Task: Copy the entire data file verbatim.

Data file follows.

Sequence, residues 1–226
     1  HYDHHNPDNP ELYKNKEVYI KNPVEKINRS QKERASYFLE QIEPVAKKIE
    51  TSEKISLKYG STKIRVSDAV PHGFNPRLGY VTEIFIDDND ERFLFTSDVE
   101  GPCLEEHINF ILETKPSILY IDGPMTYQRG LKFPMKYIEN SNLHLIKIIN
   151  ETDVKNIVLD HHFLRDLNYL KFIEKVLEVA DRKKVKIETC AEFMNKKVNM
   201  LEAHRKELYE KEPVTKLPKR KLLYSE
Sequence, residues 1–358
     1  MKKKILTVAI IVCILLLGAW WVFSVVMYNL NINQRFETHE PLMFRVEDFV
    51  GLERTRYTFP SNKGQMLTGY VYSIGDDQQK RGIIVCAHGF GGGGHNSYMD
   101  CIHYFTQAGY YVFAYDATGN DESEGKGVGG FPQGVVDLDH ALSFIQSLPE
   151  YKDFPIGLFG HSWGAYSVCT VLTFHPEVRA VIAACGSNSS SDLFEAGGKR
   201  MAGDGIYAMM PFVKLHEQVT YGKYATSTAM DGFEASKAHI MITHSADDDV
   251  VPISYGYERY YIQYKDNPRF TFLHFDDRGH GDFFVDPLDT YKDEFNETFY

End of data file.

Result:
Sequence, residues 1–226
     1  HYDHHNPDNP ELYKNKEVYI KNPVEKINRS QKERASYFLE QIEPVAKKIE
    51  TSEKISLKYG STKIRVSDAV PHGFNPRLGY VTEIFIDDND ERFLFTSDVE
   101  GPCLEEHINF ILETKPSILY IDGPMTYQRG LKFPMKYIEN SNLHLIKIIN
   151  ETDVKNIVLD HHFLRDLNYL KFIEKVLEVA DRKKVKIETC AEFMNKKVNM
   201  LEAHRKELYE KEPVTKLPKR KLLYSE
Sequence, residues 1–358
     1  MKKKILTVAI IVCILLLGAW WVFSVVMYNL NINQRFETHE PLMFRVEDFV
    51  GLERTRYTFP SNKGQMLTGY VYSIGDDQQK RGIIVCAHGF GGGGHNSYMD
   101  CIHYFTQAGY YVFAYDATGN DESEGKGVGG FPQGVVDLDH ALSFIQSLPE
   151  YKDFPIGLFG HSWGAYSVCT VLTFHPEVRA VIAACGSNSS SDLFEAGGKR
   201  MAGDGIYAMM PFVKLHEQVT YGKYATSTAM DGFEASKAHI MITHSADDDV
   251  VPISYGYERY YIQYKDNPRF TFLHFDDRGH GDFFVDPLDT YKDEFNETFY